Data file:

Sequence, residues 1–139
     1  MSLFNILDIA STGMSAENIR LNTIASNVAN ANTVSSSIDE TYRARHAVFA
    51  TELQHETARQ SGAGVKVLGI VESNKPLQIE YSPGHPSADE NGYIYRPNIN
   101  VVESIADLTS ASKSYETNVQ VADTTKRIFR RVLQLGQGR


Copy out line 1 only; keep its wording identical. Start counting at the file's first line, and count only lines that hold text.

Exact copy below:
Sequence, residues 1–139